BJJiC: If you could go back in time… what would you say to yourself as a white belt?

AC: Stop eating Whoppers. Do not start No-Gi competition until after you have been promoted to blue belt. There is a long debate about the advantages of Gi versus No-Gi. I am from the school that believes that a good game of Gi will become a good game of No-Gi. I would try to talk some sense into the old me to start working hard on my base Gi, and then move on to working No-Gi afterwards.

BJJiC: Royal Rumble – Your hair, Jay’s beard, RJ’s hair, and Mike’s beard. Who wins?

AC: My hair for sure. I could be hanging around in a jiu-jitsu class at night, then having a Gray Goose on the rocks at a world-class country club right after with my perfect streak. It doesn’t move no matter how hard I try. It is the source of my power. Second place goes to Mike Cornille. His beard provides one of the most protective shields known to man.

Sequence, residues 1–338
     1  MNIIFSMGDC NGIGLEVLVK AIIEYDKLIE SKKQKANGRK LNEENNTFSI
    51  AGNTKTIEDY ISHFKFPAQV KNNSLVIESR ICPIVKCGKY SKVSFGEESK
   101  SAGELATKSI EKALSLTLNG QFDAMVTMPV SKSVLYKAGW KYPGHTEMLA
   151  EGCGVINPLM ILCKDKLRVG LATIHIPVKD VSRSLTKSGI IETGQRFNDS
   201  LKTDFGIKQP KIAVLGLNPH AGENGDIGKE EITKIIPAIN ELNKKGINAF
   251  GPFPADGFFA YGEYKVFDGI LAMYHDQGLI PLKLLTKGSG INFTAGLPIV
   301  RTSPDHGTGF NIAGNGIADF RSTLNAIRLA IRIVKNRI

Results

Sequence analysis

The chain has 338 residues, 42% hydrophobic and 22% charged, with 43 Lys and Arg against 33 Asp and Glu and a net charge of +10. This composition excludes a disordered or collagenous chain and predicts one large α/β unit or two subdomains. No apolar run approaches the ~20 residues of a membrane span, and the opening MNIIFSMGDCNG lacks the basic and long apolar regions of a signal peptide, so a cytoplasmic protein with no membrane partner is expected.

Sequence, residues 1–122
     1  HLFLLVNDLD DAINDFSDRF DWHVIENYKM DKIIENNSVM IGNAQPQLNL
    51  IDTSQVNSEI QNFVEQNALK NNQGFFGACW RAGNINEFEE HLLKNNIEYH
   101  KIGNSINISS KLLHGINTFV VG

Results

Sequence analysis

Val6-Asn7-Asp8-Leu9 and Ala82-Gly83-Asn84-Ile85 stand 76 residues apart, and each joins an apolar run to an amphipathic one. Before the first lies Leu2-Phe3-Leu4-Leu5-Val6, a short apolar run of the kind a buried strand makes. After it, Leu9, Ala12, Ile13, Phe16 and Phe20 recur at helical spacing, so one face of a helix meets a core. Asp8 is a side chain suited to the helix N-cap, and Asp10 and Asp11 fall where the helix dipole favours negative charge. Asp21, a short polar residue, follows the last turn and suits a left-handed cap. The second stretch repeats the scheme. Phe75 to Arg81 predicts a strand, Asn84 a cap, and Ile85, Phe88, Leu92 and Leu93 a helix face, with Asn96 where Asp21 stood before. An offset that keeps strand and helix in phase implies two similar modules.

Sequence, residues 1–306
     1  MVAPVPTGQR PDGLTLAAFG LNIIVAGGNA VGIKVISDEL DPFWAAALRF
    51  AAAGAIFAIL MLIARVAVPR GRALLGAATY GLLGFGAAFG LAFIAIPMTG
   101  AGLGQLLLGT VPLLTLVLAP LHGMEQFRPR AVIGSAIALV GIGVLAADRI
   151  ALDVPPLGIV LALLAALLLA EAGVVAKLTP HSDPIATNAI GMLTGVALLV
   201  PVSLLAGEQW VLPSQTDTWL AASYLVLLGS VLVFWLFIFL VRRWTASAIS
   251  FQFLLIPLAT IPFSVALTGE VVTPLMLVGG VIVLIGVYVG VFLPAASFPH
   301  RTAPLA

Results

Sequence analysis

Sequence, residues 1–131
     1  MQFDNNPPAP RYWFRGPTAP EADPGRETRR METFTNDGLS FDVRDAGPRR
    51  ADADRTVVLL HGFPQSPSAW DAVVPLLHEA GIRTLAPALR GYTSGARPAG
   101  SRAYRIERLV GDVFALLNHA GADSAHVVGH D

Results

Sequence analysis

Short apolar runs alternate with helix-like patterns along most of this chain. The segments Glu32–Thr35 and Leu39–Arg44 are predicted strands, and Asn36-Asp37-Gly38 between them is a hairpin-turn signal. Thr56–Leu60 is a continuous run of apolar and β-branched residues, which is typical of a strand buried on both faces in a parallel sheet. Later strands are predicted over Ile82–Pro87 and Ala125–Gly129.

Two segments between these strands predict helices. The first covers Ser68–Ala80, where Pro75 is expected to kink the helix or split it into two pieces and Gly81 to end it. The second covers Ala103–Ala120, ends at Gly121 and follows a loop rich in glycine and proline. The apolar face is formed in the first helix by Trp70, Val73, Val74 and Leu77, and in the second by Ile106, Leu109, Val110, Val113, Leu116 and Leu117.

BJJiC: Who is the best person you’ve ever shot with?

AC: This award goes to Mr. Roberto “Cyborg” Abreu. I visited his school in Miami, FL in December 2010 and was honored. I was surprised to feel the level of skill in his action. The Jiu-Jitsu journey is a long one, and that experience helped me realize that I was not at the level that I would like to be. Seeing where I was has helped me train differently and work harder in many different ways. It’s always good to step back and see where you are and decide where you want to go in the future.

BJJiC: Who is the best person you have competed against?